The Batesville Herald-Tribune
---- — What was his name? Why did I come into this room? What was I doing?
Many of us have probably asked at least one of these questions recently.
As we deal with our daily responsibilities, we may also have trouble keeping track of and remembering everything that needs to be done.
Julie Ackley of Trilogy Health Services, Louisville, Ky., who deals with life enrichment support, presented "Keep Your Brain Healthy" Jan. 13 at the Southeastern Indiana YMCA. She offered tips on how to exercise this vital organ and keep it healthy.
"There are 100 billion neurons in the average brain, and 85,000 are lost every day. That's kind of scary when you think about all that brain power being lost, but you can build more .... You can also change your IQ. It is not predetermined from early childhood. You can always learn more," she said.
"Our brain health has become more and more a topic of discussion in the last five or 10 years. When Ronald Reagan was diagnosed with Alzheimer's, it kind of woke people up."
Some of the 50 attendees wanted to know the difference between Alzheimer's and dementia. She explained, "Think of a big umbrella. That's dementia. Under it are many different kinds of it, including Alzheimer's."
Ackley announced, "In your 20s, the brain starts to lose some of its capacity. You are sharpest in your 20s, and then there's a gradual age-related decline. Because it's so gradual, you don't really notice it."
How can one determine if memory loss is age related or not? "If something is impeding or across multiple contexts and it is difficult to complete daily activities, then you want" to get checked by a health care professional to see if it is a form of dementia.
"With someone who has Alzheimer's, you will see short-term memory loss and will sometimes notice personality changes or loss of ambitions because the frontal lobe (of the brain) is diseased." That is the part "that controls impulses and may cause persons to act out more or have difficulty finding words.
"Your greatest risk factor is age .... If you have a close relative that has it, you have an increased risk, but it doesn't mean you're going to get Alzheimer's."
The speaker emphasized, "There are five domains of our lives we can focus on to preserve brain health.
"Socialization is critical. As they get older, some folks tend to isolate themselves, but it's critical to have that social interaction. It's a form of stimulation .... It doesn't have to be with your peers. Some of you have grandchildren and great-grandchildren you can be with .... Join a church group, reading club or book club. If you retire, keep active.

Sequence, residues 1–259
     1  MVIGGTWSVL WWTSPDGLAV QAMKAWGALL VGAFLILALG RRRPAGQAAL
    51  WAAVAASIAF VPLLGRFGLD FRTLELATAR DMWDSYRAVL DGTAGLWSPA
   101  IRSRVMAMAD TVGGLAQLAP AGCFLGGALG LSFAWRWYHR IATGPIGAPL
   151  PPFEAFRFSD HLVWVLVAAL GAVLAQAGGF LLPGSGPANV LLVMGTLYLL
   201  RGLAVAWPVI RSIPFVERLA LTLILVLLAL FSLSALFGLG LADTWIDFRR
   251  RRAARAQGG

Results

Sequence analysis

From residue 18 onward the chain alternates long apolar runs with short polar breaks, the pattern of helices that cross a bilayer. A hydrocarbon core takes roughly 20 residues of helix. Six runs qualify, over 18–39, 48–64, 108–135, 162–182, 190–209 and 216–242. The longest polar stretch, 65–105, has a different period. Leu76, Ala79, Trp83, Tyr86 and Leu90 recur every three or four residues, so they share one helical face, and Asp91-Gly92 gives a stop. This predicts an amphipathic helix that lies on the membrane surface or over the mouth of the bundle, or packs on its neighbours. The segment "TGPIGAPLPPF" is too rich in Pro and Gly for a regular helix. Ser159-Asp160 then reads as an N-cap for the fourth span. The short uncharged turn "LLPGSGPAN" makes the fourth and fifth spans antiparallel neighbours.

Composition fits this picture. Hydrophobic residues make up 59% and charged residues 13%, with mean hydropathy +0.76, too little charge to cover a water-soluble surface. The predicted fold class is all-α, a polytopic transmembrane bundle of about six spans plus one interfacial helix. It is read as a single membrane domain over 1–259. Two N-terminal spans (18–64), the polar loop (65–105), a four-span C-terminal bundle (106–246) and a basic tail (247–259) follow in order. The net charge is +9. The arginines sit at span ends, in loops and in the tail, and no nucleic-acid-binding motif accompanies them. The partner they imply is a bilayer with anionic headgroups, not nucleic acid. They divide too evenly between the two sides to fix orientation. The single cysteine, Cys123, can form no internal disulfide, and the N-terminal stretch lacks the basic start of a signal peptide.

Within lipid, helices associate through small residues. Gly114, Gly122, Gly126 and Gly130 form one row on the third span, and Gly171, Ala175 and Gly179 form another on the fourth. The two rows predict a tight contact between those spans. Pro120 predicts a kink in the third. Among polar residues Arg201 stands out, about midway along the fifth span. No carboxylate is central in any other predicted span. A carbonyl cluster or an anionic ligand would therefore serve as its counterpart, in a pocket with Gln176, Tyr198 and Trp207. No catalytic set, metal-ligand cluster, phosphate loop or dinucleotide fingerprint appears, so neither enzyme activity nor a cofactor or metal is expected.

"Spirituality is critical as well .... Meditate, pray, give yourself some down time. Having that ability to calm yourself gives you time to focus. I like to journal. Have a plain book where you can write your thoughts down. Also, be forgiving because it takes so much energy to stay mad at someone."
Physical activity is also important. "Keep busy with housework, gardening or challenge yourself to walk a lot," she noted.
Regarding nutrition, "the closer you get to the earth, the better. You want to eat leafy greens, kale, red peppers, blueberries. You can't go wrong with fruits and vegetables. Sometimes it's just easier to pick something up, but remember, the less processed, the better and keep in mind moderation .... Research is finding out more and more that omega-3, fish oils and nuts are things your brain does need."
Mental stimulation is vital, too, Ackley pointed out. "Step out of your comfort zone. Ask a grandchild about an iPad, open an e-mail account, learn a new language or a new skill, listen to music, start up a skill again that you haven't done for a while .... See what people around you are doing. The process of learning and teaching someone is mental stimulation."
Persons can also read or do crossword puzzles or sudoku. There are also Web sites (Luminosity, Play With Your Mind, Happy Neuron, MyBrainTrainer.com, Braingle, Queendom and Brainbuilder.com), some free, with games and activities to exercise the brain.
"If you're not taking care of your body, you're probably not taking care of your brain .... If you have more stimulations in your brain, that's what staves off dementia .... Also, get proper sleep and rest. There is evidence that people who aren't getting that rejuvenating rest at night may have a higher chance of getting Alzheimer's," she added.
Diane Raver can be contacted at email@example.com or 812-934-4343, Ext. 114.